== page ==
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Publisher Description

In 1933, John W. Hill opened the New York office of what would
become the most important public relations agency in history:
Hill & Knowlton, Inc. By 1959, the combined sales of its
clients--which included Procter & Gamble, Texaco, Gillette, and
Avco Manufacturing as well as the steel, tobacco, and aviation
industries' trade associations--amounted to 10 percent of the
gross national product. The Voice of Business chronicles Hill
& Knowlton's influence on American public discourse in the
years following World War II.
Guided by its founder's conservative ideals, Hill &
Knowlton developed a twofold mission: to influence public
discussion about issues important to its clients and to educate
Americans about big business. Karen Miller shows how the agency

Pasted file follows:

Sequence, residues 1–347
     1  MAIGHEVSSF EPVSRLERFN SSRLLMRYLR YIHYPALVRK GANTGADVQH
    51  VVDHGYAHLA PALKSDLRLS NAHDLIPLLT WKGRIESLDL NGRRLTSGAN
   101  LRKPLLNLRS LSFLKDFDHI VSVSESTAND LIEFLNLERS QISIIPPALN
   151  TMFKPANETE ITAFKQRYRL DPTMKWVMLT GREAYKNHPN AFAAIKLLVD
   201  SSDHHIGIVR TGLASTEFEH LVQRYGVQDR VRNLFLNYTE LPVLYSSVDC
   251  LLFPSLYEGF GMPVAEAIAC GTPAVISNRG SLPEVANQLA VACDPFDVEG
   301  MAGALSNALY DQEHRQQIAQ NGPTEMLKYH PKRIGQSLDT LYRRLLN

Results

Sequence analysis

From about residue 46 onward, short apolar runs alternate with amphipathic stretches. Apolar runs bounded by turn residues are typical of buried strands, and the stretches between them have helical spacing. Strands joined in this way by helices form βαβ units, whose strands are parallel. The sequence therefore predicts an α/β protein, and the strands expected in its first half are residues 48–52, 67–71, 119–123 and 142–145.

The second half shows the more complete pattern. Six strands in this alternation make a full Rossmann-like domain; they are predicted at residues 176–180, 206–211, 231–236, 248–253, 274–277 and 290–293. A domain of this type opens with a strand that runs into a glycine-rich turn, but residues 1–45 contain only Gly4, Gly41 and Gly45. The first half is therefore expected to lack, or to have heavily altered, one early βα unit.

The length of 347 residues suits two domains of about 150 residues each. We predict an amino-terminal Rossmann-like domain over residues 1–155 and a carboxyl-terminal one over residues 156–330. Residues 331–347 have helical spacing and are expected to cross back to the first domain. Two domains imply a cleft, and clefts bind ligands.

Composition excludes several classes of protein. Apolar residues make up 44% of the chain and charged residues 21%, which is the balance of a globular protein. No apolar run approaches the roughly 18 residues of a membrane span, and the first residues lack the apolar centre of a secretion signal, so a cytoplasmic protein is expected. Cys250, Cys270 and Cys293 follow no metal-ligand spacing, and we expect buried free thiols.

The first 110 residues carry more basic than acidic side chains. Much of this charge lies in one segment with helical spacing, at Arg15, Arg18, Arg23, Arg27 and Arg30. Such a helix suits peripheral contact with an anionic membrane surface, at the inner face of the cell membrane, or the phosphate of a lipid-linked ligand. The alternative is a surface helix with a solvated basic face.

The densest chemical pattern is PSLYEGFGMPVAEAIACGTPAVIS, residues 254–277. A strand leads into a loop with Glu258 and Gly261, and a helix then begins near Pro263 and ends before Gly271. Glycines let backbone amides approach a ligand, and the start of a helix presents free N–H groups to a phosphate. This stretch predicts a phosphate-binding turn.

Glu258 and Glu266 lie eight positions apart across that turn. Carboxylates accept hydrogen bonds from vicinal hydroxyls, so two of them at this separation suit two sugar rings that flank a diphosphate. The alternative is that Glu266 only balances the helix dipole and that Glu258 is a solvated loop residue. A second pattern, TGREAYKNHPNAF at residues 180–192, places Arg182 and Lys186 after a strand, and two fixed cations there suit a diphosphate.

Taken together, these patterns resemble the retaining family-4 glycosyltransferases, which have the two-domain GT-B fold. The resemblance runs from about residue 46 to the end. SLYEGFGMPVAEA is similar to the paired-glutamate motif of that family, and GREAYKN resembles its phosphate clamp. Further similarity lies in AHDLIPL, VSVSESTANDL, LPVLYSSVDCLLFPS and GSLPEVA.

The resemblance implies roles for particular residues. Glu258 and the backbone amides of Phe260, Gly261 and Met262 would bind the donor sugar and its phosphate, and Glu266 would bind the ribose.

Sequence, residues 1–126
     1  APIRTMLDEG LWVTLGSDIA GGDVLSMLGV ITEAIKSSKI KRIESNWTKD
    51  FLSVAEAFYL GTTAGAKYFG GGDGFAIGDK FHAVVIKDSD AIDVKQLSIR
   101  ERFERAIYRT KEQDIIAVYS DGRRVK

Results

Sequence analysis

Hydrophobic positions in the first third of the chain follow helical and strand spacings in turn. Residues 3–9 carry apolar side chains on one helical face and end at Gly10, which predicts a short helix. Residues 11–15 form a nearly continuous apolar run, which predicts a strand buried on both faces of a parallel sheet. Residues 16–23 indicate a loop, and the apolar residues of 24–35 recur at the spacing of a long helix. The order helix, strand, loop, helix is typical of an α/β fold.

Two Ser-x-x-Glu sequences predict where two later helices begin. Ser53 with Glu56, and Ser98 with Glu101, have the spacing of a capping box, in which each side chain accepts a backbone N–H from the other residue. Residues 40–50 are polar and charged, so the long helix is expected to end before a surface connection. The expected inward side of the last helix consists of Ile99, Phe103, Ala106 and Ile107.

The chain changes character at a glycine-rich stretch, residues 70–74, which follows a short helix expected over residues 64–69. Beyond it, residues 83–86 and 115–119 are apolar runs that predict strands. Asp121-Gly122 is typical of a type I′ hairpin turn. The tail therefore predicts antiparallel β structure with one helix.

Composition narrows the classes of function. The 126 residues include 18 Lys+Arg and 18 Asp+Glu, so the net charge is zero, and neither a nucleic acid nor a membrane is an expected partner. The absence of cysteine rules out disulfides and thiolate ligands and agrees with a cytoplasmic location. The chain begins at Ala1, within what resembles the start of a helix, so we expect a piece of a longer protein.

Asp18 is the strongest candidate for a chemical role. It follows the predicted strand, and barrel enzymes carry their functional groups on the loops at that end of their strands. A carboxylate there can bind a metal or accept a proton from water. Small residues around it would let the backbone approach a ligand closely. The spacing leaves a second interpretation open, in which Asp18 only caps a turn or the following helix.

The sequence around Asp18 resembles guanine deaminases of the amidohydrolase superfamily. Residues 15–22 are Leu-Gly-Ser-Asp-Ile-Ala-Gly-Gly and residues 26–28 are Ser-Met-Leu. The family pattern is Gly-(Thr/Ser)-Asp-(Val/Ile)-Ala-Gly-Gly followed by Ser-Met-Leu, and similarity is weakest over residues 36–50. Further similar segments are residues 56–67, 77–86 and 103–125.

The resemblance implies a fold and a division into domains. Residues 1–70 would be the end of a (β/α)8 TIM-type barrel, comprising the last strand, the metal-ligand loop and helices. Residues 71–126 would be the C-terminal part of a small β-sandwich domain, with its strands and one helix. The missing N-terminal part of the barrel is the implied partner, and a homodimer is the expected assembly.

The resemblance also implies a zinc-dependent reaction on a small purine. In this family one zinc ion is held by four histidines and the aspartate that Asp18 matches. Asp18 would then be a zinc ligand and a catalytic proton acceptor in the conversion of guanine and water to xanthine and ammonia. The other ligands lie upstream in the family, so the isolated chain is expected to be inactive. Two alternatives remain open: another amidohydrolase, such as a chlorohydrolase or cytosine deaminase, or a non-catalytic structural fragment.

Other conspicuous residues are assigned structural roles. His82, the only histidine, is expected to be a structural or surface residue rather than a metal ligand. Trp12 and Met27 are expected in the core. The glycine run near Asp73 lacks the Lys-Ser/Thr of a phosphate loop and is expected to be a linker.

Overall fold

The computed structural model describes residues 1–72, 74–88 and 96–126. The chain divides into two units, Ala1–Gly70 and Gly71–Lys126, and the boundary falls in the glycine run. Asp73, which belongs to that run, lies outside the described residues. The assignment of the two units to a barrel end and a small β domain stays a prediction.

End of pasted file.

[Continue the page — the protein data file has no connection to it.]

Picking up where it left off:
tried to manipulate public opinion, political debate, and news
media content about such issues as postwar military aircraft
procurement, the deregulation of margarine production, President
Truman's seizure of steel mills in 1952, and the cigarette health
scare of 1953-54. Though its campaigns did not change many
opinions, she says, Hill & Knowlton affected the public
indirectly by reinforcing the ideas of its clients and other
conservatives.

GENRE
Business & Personal Finance
RELEASED
2000
November 9
LANGUAGE
EN
English
LENGTH
280
Pages
PUBLISHER
The University of North Carolina Press
SELLER
Ingram DV LLC
SIZE
7.6
MB